Just to update my specific situation, I have followed some other members advice of sending out a million and one resumes and following up with every single one of them until someone hires me. So far I have an interview with an insurance company next week (in house auto work), an insurance inspection company wants to talk to me (was thinking would give me something to do between deployments?) AND, the big one, Pilot called me to see if I wanted to attend their 10 day in Mobile. I jumped at the chance. I spoke with the nice lady for some time and after discussing both my construction and auto experience she basically said I should go for auto. She really didn't give a hoot about my construction experience. So I got the packet yesterday and filled it all out and returned it. Am waiting to get more info on the testing/classes for next month. Pretty excited about it. Was shocked to find out they actually hire folks and not 1099 them. I find that really weird. I thought everyone would be independent contractors. Going to be a little trickier using my LLC to write stuff off. I will keep y'all posted in case anyone actually cares! Thanks for hearing me out.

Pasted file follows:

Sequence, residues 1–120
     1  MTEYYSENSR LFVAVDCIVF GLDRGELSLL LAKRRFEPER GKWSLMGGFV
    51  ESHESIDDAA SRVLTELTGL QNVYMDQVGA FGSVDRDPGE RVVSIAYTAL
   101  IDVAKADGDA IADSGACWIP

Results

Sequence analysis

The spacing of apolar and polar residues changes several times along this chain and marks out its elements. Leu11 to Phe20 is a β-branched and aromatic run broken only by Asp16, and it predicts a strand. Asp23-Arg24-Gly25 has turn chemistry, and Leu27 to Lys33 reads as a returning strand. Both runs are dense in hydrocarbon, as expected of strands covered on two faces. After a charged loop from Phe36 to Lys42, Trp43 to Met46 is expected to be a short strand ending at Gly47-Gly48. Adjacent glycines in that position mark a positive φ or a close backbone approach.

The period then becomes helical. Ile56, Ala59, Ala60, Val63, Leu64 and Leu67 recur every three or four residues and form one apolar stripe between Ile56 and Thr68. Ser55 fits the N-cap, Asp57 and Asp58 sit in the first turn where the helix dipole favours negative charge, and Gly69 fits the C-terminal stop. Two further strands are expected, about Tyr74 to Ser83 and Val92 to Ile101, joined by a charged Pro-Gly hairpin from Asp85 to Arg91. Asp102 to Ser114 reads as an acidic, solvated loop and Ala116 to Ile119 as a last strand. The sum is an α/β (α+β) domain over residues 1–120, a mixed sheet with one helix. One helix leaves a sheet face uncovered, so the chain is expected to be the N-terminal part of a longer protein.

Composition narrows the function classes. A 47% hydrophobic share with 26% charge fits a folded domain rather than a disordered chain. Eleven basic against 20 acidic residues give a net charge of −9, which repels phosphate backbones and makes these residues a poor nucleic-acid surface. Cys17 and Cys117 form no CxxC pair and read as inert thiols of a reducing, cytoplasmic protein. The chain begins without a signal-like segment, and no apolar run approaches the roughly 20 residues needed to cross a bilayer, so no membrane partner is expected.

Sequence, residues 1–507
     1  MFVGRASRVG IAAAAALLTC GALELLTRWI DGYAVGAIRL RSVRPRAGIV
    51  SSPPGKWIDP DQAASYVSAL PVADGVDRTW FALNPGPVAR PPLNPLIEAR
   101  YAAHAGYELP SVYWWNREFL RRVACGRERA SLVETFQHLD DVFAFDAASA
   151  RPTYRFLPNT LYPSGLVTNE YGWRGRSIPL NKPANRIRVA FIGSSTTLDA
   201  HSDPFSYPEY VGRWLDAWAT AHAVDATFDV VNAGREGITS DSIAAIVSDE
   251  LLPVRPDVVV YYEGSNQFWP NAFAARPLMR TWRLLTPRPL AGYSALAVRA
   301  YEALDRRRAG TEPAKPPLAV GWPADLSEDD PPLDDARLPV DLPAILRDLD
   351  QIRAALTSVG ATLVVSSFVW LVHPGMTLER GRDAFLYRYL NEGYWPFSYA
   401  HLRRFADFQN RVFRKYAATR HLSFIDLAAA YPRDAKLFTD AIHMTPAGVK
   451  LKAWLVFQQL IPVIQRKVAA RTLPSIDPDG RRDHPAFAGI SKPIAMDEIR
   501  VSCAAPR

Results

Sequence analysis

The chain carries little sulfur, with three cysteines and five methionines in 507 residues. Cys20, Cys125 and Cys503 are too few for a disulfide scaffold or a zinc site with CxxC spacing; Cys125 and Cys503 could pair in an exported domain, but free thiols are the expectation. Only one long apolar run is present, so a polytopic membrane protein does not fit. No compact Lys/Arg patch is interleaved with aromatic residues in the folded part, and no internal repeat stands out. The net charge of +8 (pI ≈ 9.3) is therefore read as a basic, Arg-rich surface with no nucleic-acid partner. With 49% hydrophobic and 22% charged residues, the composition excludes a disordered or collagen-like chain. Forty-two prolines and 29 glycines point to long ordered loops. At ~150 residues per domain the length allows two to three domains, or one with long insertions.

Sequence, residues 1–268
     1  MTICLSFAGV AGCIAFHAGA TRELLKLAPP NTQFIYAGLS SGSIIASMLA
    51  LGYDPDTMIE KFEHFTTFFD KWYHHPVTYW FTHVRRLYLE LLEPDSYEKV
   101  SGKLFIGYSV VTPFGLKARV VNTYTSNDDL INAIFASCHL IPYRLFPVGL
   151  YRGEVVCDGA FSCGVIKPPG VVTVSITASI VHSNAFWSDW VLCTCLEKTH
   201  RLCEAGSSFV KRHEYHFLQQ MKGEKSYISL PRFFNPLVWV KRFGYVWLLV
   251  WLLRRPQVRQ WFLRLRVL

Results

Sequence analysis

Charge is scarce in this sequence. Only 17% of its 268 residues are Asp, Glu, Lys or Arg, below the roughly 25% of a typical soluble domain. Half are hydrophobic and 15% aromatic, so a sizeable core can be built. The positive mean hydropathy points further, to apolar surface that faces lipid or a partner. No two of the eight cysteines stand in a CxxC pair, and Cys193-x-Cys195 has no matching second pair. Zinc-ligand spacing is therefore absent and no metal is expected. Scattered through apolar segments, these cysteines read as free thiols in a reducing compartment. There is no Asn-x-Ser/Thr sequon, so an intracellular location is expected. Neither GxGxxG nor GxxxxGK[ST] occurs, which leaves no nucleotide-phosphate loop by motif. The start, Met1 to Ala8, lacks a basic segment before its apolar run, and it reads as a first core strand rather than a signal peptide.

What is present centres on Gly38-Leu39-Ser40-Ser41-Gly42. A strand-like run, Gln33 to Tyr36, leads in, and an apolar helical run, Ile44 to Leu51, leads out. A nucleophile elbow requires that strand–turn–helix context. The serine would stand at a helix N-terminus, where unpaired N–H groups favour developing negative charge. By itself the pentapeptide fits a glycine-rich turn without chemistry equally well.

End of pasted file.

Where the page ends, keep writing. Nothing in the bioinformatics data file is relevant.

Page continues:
The reality of property adjusting is if you have a decent head on your shoulders, can work under enormous pressure of knowing you need to do more claims yet you know that doing more is next to impossible, know and have confidence in your software(in CAT work usually XM8), can deal with the uncanny certainty that there will be someone in a position above you (who usually doesn't have a clue about adjusting a sack lunch) breathing down your neck that 4 of the "hits" in a test square don't seem like.... well hits and therefore you need to go back and take more pics.....you will end up OK...(When there is work)